Birds, badgers and clueless city-dwellers

No government is going to have the blood of Mr Brock on its hands just before an election
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The Independent Online

Only the most curmudgeonly of license-payers will begrudge the great English artist Tracey Emin the £60,000 she has just received from the BBC in return for a bird on a stick. Celebrating culture in the north-west with a project called "art05", the corporation has commissioned Emin's first work of public art, which has just been erected near the Anglican cathedral in Liverpool.

Only the most curmudgeonly of license-payers will begrudge the great English artist Tracey Emin the £60,000 she has just received from the BBC in return for a bird on a stick. Celebrating culture in the north-west with a project called "art05", the corporation has commissioned Emin's first work of public art, which has just been erected near the Anglican cathedral in Liverpool.

The piece portrays a bird sculpted in the, shall we say, primitivist manner perched on top of a 13-foot scaffolding pole. As for what it represents in a deeper, non-physical way, opinions appear to be divided. Invoking the memory of Eric Gill, Alan Yentob responded to the piece with touching simplicity. "The thing I like about it is that it's a tiny little bird and it's as if there's a bird flying over your head," he explained helpfully.

The artist herself was rather more expansive. The sculpture, which she called Roman Standard, stood for strength and femininity. "Birds are the angels of the earth and they represent freedom," she said. When a literal-minded hack asked what sort of bird it was, Tracey was on shakier ground, replying that it vaguely resembled a swift "but then it could be a starling."

There is something rather touching about these two eminent urban figures reaching out blindly and cluelessly to the natural world. Yentob can do little but point upwards and talk about little birds while Emin, having spent minutes, perhaps even hours, working on her sculpture, has a general sense that a bit of avian symbolism is required but gets into a hopeless muddle when it comes down to specifics.

Unfortunately, although the swift is an excellent emblem of wild spirituality - it used to be know as "the devil's bird", after all - the reason it is associated with freedom is that, apart from when it nests briefly in the summer, it spends its life, day and night, on the wing. Without wishing to be over-literal, the one thing it would be unable to do would be to perch on a 13-foot scaffolding pole. It also bears remarkably little resemblance to a starling.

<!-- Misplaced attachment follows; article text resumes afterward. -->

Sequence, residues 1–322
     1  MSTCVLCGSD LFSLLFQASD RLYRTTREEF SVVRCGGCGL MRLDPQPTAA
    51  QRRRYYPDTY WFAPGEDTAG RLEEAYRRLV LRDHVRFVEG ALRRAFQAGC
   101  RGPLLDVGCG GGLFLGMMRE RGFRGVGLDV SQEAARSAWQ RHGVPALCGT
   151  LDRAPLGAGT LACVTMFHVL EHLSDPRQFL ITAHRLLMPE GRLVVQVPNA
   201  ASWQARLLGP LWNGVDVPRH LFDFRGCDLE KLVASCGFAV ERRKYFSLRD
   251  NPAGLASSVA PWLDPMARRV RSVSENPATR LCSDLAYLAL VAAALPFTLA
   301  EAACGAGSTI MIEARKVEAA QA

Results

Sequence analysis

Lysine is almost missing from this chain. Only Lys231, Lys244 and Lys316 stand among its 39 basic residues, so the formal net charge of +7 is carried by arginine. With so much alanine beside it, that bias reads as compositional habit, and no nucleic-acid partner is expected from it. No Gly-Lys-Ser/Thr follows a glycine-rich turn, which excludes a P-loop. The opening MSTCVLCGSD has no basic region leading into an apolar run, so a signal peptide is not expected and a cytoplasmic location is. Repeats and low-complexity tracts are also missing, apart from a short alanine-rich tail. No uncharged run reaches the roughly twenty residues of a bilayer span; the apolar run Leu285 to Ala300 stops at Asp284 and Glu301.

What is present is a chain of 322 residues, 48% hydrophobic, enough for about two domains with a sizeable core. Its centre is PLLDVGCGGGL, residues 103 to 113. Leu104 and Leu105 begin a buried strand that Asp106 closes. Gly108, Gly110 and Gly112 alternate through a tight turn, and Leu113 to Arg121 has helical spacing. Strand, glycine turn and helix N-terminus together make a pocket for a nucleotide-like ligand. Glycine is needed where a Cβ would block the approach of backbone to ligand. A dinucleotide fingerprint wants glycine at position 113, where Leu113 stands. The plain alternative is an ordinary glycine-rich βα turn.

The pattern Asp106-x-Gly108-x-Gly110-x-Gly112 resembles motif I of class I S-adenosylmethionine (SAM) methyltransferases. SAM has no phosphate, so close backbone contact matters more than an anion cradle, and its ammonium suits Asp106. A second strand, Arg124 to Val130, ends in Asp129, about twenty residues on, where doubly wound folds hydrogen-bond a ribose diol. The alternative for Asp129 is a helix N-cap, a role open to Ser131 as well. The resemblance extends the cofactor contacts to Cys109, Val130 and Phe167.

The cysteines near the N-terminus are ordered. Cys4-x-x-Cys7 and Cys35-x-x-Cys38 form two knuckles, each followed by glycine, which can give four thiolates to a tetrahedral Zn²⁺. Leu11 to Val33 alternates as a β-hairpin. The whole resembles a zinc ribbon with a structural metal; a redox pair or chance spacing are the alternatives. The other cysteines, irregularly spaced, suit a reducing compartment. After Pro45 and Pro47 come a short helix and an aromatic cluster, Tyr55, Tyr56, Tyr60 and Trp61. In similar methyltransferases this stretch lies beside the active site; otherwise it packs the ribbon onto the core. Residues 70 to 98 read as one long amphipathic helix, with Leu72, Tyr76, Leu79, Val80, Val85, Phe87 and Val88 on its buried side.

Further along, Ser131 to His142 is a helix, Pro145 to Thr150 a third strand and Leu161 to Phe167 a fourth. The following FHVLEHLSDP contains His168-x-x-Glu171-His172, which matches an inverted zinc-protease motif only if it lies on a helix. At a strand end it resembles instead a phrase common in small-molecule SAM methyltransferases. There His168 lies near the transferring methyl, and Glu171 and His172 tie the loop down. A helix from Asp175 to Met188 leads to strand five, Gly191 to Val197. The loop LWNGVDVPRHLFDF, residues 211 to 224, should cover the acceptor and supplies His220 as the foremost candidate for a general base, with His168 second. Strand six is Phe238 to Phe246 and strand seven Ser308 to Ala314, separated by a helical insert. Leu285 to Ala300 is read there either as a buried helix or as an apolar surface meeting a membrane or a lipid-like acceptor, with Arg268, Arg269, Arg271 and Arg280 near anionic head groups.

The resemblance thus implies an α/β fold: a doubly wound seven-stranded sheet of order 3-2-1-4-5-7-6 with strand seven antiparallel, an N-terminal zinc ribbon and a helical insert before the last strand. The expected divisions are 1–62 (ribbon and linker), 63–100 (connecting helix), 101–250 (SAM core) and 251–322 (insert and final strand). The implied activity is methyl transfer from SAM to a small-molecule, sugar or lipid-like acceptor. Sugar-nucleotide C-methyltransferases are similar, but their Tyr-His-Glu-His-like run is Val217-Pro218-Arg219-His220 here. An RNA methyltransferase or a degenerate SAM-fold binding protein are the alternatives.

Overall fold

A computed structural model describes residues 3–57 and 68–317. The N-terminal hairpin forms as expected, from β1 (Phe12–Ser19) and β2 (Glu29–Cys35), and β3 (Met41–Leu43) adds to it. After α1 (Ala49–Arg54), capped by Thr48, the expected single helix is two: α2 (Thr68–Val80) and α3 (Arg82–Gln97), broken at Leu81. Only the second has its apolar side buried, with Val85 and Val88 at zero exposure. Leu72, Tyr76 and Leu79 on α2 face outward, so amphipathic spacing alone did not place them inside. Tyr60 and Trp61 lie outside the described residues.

But like many interesting artistic expressions, Emin's bird on a pole works at another, deeper, level, and it is one that is specific to our little world in 2005.

A glance through any daily newspaper will confirm that, for various reasons, the natural world is much with us these days. Even readers who are firmly trenched among the urbanites in the great divide between town and country, have begun to see that wildlife impinges on the lives of all of us.

Birds, in particular, are in fashion. The better newspapers record news of how woodland species are faring, or how some egg-collecting prat has been arrested, or how idiotic gamekeepers are attempting to poison the red kite. This week, for varying reasons, it has been the turn of the corvids, with ravens, carrion crows and magpies grabbing their share of the headlines.

The problem is that interest in, and concern for, the natural world is more often accompanied by a drippy, incurious sentimentality than by any real knowledge. The tedious cliché about town-dwellers' tax supporting rural communities, trotted out endlessly by smug metropolitan commentators, has encouraged those with a fuzzily affectionate attitude to wildlife to think that their opinions about animals are as valid as those of someone who actually works with them.

An obvious recent example has been the debate surrounding bovine TB and badgers. The government are uneasily aware that compensating farmers is costing the taxpayer £100m a year and that the recent experience in Ireland, where they are less feeble about such matters, suggests a selective cull of badgers will solve the problem.

On the other hand, no government, least of all one with an urban voter base, is going to have the blood of Mr Brock on its hands just before a general election. Like hedgehogs (but unlike grey squirrels or magpies), badgers have a powerful and highly emotional lobby behind them.

Who should step forward to pronounce upon this tricky and delicate subject? None other than the St Francis of the backbenches, Tony Banks. The solution, apparently, is simple. Badgers should roam free over the thousands of acres where TB has been found; it is the cows and farmers who should be removed.

When this kind of silliness is being broadcast, it is time to start worrying. For Banks, the countryside is not a place where people live and work, where the balance between man and nature has helped to create a landscape and where difficult decisions involving animal welfare need to be made, but it is a leisure resource where he can go and torture fish and have fun. It should be run like a municipal swimming-pool or skating rink.

Perhaps the dynamic new Education Secretary, Ruth Kelly, in recognition of the growing importance of the natural world - and also the abysmally low standard of knowledge about it - might introduce obligatory environment lessons into the curriculum . That way, it is just possible that the sincere, high-achieving city-dwellers of the future might feel just as warmly towards the birds and the badgers as Emin, Yentob and Banks do but will have the additional advantage of knowing something about them.

terblacker@aol.com

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